cd Nov 24th, 2009 11:01 AM

We enjoyed our stay at the Shaker Village. This is from the link I sent you regarding the hotel: The Inn encompasses more than 70 guest rooms, suites and private cottages spread throughout 13 restored 19th century buildings. Inn accommodations feature Shaker reproduction furniture, hardwood flooring and private baths.

There are some who do not like this facility because there are no elevators, the chairs are not lounge chairs but straight back. The beds were comfortable, but no kings, with white spreads and the windows had white curtains. No closets, just pegs around all the walls. We found this all to be part of the charm of staying in an original restored Shaker village. We were on the second floor of a meeting house and found it not to be a problem. Exceptionaly clean. The link I sent you does have directions. If you go, I hope it's not too cold for you.

exiledprincess Nov 25th, 2009 04:04 PM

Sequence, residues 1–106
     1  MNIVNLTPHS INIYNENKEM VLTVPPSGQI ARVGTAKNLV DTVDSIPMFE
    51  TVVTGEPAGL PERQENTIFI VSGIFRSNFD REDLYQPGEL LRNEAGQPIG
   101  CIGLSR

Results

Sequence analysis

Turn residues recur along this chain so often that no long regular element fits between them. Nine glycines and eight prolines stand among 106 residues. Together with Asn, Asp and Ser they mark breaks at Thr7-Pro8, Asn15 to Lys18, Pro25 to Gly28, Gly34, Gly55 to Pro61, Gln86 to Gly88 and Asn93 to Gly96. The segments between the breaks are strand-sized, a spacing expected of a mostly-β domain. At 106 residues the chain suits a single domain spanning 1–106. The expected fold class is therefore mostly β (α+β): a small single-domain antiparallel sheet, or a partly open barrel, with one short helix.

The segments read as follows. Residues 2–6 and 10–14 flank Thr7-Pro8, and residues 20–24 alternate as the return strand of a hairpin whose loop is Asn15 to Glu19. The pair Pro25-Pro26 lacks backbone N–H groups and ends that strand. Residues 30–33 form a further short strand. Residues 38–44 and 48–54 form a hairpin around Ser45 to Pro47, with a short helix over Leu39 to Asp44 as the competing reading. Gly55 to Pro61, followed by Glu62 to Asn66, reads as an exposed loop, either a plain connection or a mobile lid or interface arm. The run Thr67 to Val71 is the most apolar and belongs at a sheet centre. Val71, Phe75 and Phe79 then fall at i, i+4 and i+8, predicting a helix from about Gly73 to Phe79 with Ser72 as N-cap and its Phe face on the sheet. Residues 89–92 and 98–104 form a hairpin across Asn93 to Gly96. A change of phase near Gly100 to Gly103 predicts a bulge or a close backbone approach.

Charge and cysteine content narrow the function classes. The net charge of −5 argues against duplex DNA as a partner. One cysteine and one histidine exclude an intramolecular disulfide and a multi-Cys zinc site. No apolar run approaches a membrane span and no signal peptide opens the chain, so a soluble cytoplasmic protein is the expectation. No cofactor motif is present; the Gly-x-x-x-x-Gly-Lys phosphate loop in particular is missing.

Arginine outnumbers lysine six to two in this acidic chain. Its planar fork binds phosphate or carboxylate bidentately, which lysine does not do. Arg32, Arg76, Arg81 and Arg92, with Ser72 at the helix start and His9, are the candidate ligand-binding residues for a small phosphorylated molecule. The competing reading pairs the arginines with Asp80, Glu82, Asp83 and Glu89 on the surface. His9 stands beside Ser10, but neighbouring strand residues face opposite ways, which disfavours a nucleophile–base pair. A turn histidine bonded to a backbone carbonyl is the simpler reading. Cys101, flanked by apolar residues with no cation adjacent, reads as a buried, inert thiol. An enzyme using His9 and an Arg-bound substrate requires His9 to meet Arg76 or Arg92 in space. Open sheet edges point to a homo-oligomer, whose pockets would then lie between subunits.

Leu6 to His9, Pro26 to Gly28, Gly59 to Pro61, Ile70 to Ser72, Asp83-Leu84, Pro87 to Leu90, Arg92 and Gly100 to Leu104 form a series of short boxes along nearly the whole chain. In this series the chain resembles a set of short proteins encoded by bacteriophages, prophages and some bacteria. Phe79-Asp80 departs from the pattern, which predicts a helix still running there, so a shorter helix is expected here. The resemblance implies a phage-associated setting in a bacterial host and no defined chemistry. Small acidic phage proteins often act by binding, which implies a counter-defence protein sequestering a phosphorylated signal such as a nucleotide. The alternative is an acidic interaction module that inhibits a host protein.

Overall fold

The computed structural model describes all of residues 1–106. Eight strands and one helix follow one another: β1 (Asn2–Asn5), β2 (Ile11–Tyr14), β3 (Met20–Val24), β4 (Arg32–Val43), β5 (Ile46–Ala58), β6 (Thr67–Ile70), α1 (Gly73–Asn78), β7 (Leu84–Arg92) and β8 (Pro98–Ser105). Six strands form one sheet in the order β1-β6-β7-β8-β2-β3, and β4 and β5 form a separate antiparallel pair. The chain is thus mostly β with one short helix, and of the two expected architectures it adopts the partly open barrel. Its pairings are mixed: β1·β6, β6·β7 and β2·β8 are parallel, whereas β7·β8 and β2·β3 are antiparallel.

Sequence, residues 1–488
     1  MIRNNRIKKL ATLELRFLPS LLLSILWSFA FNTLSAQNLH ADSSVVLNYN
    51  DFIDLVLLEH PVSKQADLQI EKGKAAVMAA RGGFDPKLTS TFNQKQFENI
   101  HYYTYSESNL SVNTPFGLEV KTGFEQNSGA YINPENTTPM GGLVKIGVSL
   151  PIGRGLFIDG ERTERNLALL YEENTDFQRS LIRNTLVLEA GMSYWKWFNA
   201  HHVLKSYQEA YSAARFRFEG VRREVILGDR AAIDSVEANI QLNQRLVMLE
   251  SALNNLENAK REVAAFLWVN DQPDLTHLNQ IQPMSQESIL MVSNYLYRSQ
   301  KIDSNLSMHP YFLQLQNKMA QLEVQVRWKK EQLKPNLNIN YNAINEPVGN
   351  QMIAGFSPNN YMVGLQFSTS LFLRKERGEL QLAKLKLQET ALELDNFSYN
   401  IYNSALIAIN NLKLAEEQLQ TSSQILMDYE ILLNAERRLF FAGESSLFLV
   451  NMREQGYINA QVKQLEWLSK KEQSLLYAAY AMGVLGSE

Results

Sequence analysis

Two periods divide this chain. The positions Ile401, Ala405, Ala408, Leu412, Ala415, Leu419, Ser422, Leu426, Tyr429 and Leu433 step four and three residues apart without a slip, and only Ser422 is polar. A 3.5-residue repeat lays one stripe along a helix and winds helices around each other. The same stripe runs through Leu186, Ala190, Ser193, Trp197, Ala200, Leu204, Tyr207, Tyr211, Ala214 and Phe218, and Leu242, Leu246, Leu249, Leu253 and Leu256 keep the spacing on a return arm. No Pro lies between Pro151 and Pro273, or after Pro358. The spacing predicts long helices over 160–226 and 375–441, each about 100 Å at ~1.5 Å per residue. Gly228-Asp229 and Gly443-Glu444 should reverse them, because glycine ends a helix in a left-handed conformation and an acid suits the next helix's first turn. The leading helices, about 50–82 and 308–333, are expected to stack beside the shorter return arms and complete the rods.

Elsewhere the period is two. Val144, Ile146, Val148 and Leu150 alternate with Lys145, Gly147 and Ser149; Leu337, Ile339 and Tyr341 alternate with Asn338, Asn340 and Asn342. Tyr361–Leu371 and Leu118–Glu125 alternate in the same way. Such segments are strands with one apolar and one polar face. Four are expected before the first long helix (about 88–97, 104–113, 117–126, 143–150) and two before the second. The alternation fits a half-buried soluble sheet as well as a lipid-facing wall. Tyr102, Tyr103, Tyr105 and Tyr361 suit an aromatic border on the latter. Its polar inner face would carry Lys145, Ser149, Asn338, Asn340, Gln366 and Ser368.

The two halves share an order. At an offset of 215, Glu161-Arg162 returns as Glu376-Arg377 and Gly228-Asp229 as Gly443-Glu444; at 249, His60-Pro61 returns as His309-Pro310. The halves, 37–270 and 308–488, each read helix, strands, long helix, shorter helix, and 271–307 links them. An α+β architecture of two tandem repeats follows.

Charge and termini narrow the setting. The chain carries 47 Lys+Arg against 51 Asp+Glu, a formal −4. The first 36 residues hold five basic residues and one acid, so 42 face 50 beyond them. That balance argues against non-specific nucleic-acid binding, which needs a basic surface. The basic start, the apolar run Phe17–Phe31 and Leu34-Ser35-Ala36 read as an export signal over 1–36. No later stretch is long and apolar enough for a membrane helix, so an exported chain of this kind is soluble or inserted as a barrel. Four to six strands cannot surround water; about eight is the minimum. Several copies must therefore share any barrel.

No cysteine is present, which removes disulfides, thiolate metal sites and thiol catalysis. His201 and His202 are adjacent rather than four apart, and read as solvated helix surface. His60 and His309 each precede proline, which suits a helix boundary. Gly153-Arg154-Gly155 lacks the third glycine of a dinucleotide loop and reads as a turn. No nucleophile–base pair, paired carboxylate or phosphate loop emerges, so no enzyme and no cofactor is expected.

dlpiano, I'm happy that you have all the issues covered once you get here. From your OP, it appeared that you were watching the pennies. Receiving a $200 bill for parking your car or a $150 towing fine - or not even being able to stay at a reserved hotel's room because of your dog (or paying the large extra charge for it) - definitely would have not been a good thing.

In any case, this was an opportunity to mention the above issues about parking for other visitors to Chicago who are planning on driving in. I guess a lot of people are totally unaware of these issues until they get here and then it's too late for them.

I think wherever you stay along the way might be dictated by hotels which are pet-friendly. I know that there have been a couple of threads about traveling with pets. Even if they are pertaining to different destinations, perhaps there is some information with respect to websites on them which might help you a bit.

I agree with many of the above suggestions.

I guess when you settle on your agenda, you'll also need to see what attractions allow animals (other than service animals) as well.